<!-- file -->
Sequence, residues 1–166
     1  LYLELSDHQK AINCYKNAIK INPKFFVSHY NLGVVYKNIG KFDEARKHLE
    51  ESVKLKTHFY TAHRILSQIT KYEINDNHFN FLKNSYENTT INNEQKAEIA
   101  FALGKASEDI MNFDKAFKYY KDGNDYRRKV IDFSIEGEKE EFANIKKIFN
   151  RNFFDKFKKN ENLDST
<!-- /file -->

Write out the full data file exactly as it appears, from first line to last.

Sequence, residues 1–166
     1  LYLELSDHQK AINCYKNAIK INPKFFVSHY NLGVVYKNIG KFDEARKHLE
    51  ESVKLKTHFY TAHRILSQIT KYEINDNHFN FLKNSYENTT INNEQKAEIA
   101  FALGKASEDI MNFDKAFKYY KDGNDYRRKV IDFSIEGEKE EFANIKKIFN
   151  RNFFDKFKKN ENLDST